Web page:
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  1. Pugs are a brachycephalic dog breed that has become phenomenally popular over recent decades. However, there is growing concern about serious health and welfare issues in the breed. To augment the evidence-bas...

    Authors: Dan G. O’Neill, Jaya Sahota, Dave C. Brodbelt, David B. Church, Rowena M.A. Packer and Camilla Pegram
    Citation: Canine Medicine and Genetics 2022 9:4
  2. Hypoadrenocorticism is characterized by a reduction in mineralocorticoid and/or glucocorticoid production by the adrenal glands. Several subtypes have been described with different clinical and clinicopatholog...

    Authors: Pedro J. Guzmán Ramos, Michael Bennaim, Robert E. Shiel and Carmel T. Mooney
    Citation: Canine Medicine and Genetics 2022 9:6
  3. Cutaneous neoplastic diseases are the most and second-most frequently reported tumors in male and female dogs, respectively. The aims of this study were to report the occurrence of canine cutaneous tumors in a...

    Authors: Ana Luísa Martins, Ana Canadas-Sousa, João R. Mesquita, Patrícia Dias-Pereira, Irina Amorim and Fátima Gärtner
    Citation: Canine Medicine and Genetics 2022 9:2
  4. The year 2021 marked the centenary of the isolation of a therapeutic form of insulin and its successful use in dogs. This was a landmark moment that subsequently and rapidly led to the commercial manufacture o...

    Authors: Robert E. Shiel and Carmel T. Mooney
    Citation: Canine Medicine and Genetics 2022 9:1

    The Correction to this article has been published in Canine Medicine and Genetics 2022 9:3

  5. The French Bulldog is a highly popular dog breed but is linked with many serious health issues. A holistic view of breed health in French Bulldogs would assist efforts to appreciate the overall health strength...

    Authors: Dan G. O’Neill, Rowena M.A. Packer, Peter Francis, David B. Church, Dave C. Brodbelt and Camilla Pegram
    Citation: Canine Medicine and Genetics 2021 8:13
  6. Dog breeds are known for their distinctive body shape, size, coat color, head type and behaviors, features that are relatively similar across members of a breed. Unfortunately, dog breeds are also characterize...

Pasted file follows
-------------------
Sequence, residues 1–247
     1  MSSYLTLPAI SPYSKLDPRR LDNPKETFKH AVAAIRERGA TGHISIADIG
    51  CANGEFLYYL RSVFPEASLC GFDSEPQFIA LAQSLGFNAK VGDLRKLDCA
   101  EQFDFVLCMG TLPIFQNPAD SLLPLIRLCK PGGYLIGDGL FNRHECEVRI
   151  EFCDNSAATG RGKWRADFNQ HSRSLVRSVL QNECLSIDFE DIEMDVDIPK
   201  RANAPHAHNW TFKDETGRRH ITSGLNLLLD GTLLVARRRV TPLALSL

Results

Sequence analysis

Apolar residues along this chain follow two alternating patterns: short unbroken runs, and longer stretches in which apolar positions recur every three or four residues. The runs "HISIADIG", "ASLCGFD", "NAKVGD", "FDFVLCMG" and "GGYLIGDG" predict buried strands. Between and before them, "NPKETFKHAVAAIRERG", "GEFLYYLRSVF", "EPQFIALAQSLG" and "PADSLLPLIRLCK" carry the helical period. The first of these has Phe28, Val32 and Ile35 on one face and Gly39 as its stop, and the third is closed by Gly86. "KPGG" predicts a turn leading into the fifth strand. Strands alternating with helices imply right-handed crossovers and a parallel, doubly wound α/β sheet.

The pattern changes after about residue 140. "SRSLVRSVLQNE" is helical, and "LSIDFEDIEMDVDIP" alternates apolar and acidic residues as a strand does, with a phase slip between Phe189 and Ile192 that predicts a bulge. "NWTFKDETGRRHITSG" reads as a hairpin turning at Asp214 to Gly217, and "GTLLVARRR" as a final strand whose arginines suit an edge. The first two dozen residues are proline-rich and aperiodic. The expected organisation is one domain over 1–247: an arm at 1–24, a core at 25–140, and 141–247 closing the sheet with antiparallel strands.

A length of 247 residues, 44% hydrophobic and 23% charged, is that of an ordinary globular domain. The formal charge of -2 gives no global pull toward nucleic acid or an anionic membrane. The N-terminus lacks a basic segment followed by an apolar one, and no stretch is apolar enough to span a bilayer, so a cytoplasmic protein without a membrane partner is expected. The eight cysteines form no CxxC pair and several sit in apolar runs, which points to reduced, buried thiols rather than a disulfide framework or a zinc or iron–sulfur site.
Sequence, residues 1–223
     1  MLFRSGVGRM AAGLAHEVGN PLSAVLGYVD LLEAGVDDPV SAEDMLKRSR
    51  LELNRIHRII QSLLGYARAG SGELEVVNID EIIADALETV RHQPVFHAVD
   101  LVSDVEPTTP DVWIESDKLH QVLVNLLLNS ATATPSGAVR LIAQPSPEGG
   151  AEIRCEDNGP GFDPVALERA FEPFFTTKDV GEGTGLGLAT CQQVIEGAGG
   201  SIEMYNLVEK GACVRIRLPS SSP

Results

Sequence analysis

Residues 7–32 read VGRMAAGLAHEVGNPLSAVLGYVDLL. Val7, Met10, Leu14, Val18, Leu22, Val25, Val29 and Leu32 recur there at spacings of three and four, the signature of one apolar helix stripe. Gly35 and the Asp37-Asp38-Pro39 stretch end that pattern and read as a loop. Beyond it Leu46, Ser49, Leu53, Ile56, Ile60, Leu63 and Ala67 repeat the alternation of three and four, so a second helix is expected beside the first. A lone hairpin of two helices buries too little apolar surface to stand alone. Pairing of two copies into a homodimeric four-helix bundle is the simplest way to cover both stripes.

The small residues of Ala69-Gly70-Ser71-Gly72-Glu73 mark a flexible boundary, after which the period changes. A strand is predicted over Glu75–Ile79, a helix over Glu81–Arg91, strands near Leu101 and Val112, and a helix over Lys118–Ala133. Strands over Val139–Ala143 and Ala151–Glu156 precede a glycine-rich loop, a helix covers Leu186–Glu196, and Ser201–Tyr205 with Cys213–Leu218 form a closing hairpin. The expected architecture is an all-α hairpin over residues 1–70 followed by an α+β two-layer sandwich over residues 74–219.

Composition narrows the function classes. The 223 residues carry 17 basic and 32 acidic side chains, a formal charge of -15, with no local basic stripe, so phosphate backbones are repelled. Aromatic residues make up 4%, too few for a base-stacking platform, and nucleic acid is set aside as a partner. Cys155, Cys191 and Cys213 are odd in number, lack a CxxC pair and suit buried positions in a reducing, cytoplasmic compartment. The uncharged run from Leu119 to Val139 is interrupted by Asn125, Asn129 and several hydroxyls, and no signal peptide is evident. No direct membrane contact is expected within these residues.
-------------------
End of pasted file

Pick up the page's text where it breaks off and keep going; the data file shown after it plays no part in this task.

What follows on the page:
Authors: Danika Bannasch, Thomas Famula, Jonas Donner, Heidi Anderson, Leena Honkanen, Kevin Batcher, Noa Safra, Sara Thomasy and Robert Rebhun
    Citation: Canine Medicine and Genetics 2021 8:12
  7. Distichiasis is a presumed inherited eyelid disease, characterized by misplaced eyelashes. The effect on eye health and animal welfare varies between individuals; most mild cases show no clinical signs, but so...

    Authors: Kim K. L. Bellamy, Frode Lingaas and Per Madsen
    Citation: Canine Medicine and Genetics 2021 8:11
  8. A 2019 ACVIM consensus statement on diagnostics for immune-mediated hemolytic anemia (IMHA) in dogs made testing recommendations. As data on the performance of immunohematological tests was lacking, we underto...

    Authors: Nadine Idalan, Johanna O. Zeitz, Corinna N. Weber, Elisabeth Müller and Urs Giger
    Citation: Canine Medicine and Genetics 2021 8:10
  9. Osteosarcoma (OSA) is a devastating disease that is common in the Irish Wolfhound breed. The aim of this study was to use a pedigree-based approach to determine the heritability of OSA in the Irish Wolfhound u...

    Authors: Mehdi Momen, Nyah L. Kohler, Emily E. Binversie, Mariellen Dentino and Susannah J. Sample
    Citation: Canine Medicine and Genetics 2021 8:9
  10. Otitis externa is a commonly diagnosed disorder in dogs and can carry a high welfare impact on affected animals. This study aimed to report the prevalence and explore the role of breed and aural conformation a...

    Authors: Dan G. O’Neill, Andrea V. Volk, Teresa Soares, David B. Church, Dave C. Brodbelt and Camilla Pegram
    Citation: Canine Medicine and Genetics 2021 8:7
  11. Genetic heterogeneity of the canine angiotensin converting enzyme (ACE) gene is functionally important because the degree of aldosterone breakthrough with ACE-inhibitor therapy is greater in variant positive d...